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(Updated 23:00)

I managed to escape from the office again today as I’d arranged to meet a fellow photographer who works in the rail industry to give him a guided tour of locations around Marsden on the Trans-pennine rail route through the Colne valley. I’d been meaning to update my library shots and get some pictures for a client from the area, so this was the perfect opportunity – especially as the sun Gods were smiling upon us.

Trevor and I met on the train at Huddersfield for a trip on a line that (as a man of Kent) he’d not travelled on for donkey’s years. Our first port of call was Marsden, the nearest station to the famous Standedge tunnels, where canal and rail occupy almost the same ground under the Pennines. It’s a fantastic photo location but one that will change dramatically over the next few years when the rail route is electrified.

The only downside nowadays is the monotony of the type of trains. Very little freight uses the route as it has such an intensive passenger service. This is Trans-Pennine Express’s core route. Northern Rail used to operate an hourly all-stations Huddersfield-Manchester service but it’s now operated by TPE. This means the line’s almost completely Class 185 operated which is why the introduction of the TPE’s loco-hauled sets is a welcome break from the monotony.

Having trudged up the incline to a spot above the tunnel entrance the sun smiled, and so did we, as we managed to get a range of pictures in decent weather. Here’s an example.

A TPE Class 185 heads East towards Marsden station which is around a quarter of a mile to the right of the picture. The bridge in the foreground’s an aqueduct which has been rebuilt and renewed by Network Rail. It’s been raised to give sufficient clearance to the overhead wires which are due in the next few years when the line between Leeds and Manchester’s electrified.
A zoomed-in shot from the same location, showing the aqueduct in greater detail. The formation to the right carried tracks through the original single track Standedge tunnels which were built in 1848 and 1871. The present double track rail tunnel was built in 1894. Just behind the train is the Huddersfield narrow canal, its tunnel was opened in 1811. You can learn more about these feats of engineering here. If you’re in the area, I’d recommend the tunnel cafĂ© and the museum. Both are in the canal basin and a short walk from Marsden station.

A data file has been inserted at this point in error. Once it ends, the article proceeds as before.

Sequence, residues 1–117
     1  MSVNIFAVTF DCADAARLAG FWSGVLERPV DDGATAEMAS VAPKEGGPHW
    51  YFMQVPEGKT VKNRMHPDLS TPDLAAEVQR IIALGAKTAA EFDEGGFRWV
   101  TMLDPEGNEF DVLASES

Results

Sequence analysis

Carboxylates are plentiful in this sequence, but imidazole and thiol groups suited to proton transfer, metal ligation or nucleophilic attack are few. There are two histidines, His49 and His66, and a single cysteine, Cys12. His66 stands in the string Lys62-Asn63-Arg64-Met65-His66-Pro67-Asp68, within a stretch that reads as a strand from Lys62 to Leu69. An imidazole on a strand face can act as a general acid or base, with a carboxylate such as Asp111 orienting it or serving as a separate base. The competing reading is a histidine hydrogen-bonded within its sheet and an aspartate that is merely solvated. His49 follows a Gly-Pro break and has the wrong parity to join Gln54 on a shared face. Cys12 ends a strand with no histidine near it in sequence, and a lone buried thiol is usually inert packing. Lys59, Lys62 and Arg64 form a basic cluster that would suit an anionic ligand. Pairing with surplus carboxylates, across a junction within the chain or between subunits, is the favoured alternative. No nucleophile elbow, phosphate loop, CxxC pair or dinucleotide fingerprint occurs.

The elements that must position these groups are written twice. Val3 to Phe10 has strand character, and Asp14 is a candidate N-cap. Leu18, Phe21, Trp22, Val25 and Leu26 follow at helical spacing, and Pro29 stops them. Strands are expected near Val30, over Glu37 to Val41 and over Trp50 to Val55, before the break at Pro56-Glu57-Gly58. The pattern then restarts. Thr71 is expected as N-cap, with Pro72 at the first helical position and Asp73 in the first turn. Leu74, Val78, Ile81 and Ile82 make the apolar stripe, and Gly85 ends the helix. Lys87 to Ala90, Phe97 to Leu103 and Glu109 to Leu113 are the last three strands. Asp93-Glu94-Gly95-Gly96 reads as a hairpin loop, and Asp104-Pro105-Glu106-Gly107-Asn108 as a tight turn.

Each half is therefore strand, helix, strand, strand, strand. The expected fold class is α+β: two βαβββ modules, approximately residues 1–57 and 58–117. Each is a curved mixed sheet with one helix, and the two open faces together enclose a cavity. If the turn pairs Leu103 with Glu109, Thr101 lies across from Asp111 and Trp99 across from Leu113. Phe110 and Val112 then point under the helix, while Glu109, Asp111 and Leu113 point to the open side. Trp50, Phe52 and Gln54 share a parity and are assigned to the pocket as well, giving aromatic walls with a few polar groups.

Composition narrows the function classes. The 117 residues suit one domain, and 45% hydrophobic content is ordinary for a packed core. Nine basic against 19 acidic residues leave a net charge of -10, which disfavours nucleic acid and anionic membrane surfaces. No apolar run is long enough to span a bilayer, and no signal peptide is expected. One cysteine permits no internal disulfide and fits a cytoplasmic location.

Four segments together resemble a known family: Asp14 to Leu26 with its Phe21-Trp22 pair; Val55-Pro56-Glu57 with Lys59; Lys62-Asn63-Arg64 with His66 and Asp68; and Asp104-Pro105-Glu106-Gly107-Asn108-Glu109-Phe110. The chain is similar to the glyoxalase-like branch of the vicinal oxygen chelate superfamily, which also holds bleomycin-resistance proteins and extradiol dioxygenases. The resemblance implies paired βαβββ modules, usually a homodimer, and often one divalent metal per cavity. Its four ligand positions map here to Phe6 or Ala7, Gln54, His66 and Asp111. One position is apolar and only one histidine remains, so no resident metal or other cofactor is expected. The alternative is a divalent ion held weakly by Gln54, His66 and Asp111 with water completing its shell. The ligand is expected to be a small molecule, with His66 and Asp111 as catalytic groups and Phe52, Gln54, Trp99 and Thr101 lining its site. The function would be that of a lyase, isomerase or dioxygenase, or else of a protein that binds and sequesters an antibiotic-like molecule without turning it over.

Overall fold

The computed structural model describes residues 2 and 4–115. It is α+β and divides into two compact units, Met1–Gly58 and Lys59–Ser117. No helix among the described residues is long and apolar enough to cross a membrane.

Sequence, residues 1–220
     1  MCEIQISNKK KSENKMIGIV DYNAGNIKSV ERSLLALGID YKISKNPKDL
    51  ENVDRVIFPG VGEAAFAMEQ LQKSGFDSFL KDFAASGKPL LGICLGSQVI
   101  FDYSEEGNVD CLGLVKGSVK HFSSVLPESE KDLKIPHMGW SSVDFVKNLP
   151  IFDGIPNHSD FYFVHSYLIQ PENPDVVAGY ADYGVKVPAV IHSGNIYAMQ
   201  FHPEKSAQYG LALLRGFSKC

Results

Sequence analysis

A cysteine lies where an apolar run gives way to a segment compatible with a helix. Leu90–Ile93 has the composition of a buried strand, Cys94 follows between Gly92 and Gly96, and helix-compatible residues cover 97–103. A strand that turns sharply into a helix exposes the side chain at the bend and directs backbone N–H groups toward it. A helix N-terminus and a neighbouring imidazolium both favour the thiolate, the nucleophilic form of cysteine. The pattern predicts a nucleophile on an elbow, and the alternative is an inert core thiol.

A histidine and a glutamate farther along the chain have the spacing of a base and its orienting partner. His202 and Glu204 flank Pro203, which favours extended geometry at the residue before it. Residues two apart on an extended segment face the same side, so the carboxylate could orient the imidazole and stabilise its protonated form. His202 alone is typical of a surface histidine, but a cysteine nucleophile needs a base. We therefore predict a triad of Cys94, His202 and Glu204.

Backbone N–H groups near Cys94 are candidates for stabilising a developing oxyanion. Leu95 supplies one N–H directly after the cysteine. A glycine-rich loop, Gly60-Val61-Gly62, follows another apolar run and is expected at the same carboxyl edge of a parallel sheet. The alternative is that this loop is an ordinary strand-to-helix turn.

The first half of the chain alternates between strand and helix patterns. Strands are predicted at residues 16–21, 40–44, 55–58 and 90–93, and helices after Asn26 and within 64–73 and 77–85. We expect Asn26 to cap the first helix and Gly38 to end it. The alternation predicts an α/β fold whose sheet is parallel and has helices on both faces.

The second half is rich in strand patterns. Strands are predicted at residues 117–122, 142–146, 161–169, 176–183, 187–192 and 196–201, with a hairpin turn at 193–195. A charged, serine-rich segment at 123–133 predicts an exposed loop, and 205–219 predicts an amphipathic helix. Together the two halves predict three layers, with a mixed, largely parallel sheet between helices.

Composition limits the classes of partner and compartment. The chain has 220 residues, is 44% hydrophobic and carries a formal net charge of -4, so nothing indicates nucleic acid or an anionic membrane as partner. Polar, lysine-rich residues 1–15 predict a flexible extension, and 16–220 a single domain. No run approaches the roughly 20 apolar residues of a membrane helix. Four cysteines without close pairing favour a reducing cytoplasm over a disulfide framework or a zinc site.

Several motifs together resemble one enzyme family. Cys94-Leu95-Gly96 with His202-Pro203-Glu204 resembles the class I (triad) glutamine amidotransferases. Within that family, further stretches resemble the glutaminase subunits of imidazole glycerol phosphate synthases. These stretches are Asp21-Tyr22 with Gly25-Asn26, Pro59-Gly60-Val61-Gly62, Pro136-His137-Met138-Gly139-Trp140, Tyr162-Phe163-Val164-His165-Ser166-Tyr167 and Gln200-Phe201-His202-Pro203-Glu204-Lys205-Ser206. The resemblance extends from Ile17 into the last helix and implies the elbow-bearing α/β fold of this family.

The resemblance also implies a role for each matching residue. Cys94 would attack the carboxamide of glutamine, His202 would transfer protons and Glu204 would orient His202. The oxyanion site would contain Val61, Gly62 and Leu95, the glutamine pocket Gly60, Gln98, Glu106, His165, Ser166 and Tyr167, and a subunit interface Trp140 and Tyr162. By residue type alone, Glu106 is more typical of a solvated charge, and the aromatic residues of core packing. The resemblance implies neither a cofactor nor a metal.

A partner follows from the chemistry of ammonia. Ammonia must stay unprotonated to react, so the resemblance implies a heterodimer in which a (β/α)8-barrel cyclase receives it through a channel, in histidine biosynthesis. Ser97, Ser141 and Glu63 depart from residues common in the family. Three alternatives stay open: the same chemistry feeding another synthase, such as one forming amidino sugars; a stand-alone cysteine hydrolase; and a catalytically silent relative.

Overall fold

Having exhausted the photographic possibilities we changed locations a couple of times to catch one of the new CAF built trains for Northern which was working empty stock from Preston to Huddersfield.

In doing so we missed one TPE’s new Nova 3 sets as we didn’t know the damned thing was running! Here’s the classic view we’d been heading for.

A Manchester bound TPE service approaches the Standedge tunnel. The canal museum and visitor centre I mentioned earlier is in the old transhipment shed to the right of the picture.

By that time the Pennine weather had changed from favourable to fearsome, with cold air and showers sweeping in from the West, so we adjourned to the Riverhead Brewery Tap pub in Marsden, which is a cracking place to stop for a pint before heading back East

Back in Huddersfield we connected with the loco-hauled TPE set we’d missed earlier. Well it would have been rude not to!

Trevor used it to get to Leeds before heading off to Keighley whilst I stayed on as far as York as I couldn’t resist the opportunity to get shots of the set under the magnificent station roof. Luckily, a late-running Siemens set allowed me some nice juxtaposition and a study in front ends.

All in all it’s not been a bad day and a lot less frustrating than yesterday. There’s some useful shots in the bank and for a client. I’ve had chance to explore locations I’ve not visited for a while and I’ve also been able to act as a tour guide for a friend. What more can you ask for?